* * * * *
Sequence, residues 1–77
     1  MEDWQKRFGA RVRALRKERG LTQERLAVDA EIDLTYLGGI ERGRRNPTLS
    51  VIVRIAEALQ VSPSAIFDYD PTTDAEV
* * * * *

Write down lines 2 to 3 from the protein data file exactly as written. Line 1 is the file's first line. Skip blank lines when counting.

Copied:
     1  MEDWQKRFGA RVRALRKERG LTQERLAVDA EIDLTYLGGI ERGRRNPTLS
    51  VIVRIAEALQ VSPSAIFDYD PTTDAEV